Not to put too fine a point on it, but this is a different music altogether. This music listens to itself, and finally listens through itself. It reminds me of the void surrounding each note, and yet taken together those notes do warm the void, a little.

Not, I’m afraid, a realistic answer to the most titanic expression of ill-will ever committed to tape


The bass and drums are as melodic as the sax. They comment on the sax, they sympathize, they harmonize with it, they mock and reject it, they create landscapes around it, and sometimes, for moments, they all dissolve into the cool night—Oh—now I see, a slip of paper falls out of the CD sleeve...

Song titles, okay, and I see we’ve got Adam Linz on bass and Alden Akeda on drums, and you, George Cartwright, on saxes. That’s a start!
By the way, I like the crowd noise and that confusion-on-the-bandstand business you edited in. I don’t know if it’ll fool anyone, but it really adds to the thing. As I said, the record definitely has a live "feel".

There’s nothing else in your note, but reading between the lines of your heated scrawl, I don’t see this as "the most brutal act of unwarranted rage ever conceived."

Biker meth party instant classic? No.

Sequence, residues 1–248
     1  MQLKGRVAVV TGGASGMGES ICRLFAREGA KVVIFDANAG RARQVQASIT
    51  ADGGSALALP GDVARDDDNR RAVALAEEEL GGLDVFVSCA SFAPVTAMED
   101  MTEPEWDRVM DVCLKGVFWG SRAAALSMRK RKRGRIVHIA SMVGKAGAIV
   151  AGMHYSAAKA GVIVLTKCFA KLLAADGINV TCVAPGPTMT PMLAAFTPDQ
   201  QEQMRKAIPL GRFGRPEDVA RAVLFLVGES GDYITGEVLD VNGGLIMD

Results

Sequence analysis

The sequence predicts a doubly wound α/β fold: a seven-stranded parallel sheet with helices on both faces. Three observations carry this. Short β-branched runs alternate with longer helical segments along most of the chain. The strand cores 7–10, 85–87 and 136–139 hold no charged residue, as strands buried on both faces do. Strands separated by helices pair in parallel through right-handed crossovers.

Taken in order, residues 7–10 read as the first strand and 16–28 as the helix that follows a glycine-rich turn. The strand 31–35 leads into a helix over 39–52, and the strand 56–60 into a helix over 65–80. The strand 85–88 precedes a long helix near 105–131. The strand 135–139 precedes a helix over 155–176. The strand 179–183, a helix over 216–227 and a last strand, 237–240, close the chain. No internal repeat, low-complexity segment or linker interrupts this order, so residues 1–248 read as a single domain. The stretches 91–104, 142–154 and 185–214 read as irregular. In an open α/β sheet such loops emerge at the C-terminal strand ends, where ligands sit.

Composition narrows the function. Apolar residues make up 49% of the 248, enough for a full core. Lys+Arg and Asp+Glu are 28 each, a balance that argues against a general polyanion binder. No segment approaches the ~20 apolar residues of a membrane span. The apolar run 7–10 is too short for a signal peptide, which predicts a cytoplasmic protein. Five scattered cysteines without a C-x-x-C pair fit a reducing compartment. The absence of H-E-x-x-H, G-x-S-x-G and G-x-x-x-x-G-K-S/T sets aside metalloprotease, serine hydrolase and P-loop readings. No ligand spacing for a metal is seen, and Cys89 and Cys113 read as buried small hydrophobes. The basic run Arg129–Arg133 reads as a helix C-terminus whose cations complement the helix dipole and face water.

Taken on its own terms, I love it. A third listening (now that my neighbor’s out) makes me want to hear each note again at the same time I’m hearing it. I’ve been staring at the notes in the air for a while when I realize they’re not in the air, they’re in the rough finish of the wall, which now, along with everything else, is made of them.

Story by Michael DeCapite
Cover Image by Anne Elias
Design by George Cartwright and UMod

Recorded by Steve Ryan at the Clown Lounge, St Paul , MN
Pre-Mastered by Steve Ryan
Mastered by Matt Zimmerman at Wild Sounds Studio, Minneapolis, MN

Produced by George Cartwright
Executive Producer Chris Strouth

Made possible through The American Composers Forum’s Recording Assistance Program, underwritten by the McKnight Foundation
American Composers Forum, 332 Minnesota Street, E-145
St ,MN 55101
www.innova.mu innovecomposersforum.
org

credits

released May 3, 2003

George Cartwright's GloryLand Pony Cat band with Alden Ikeda on drums, Adam Linz on bass and George Cartwright on saxes. Compostions by Adam, George, Don Pullen, Frank Wright and Henry Grimes

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about

George Cartwright St Paul, Minnesota

George Cartwright grew up on rock-n-roll and fell in love with jazz after hearing Charles Lloyd's iconic Forest Flower. He loves The Fugs and Eric Dolphy equally.
The Band and Captain Beefhart make him quiver.
Charlie Parker gives him chills still.He wishes he had said "Music is like rain. Except music falls up." but his pal Davey Williams said that. Also Curlew GloryLand Pony Cat Merciless Ghost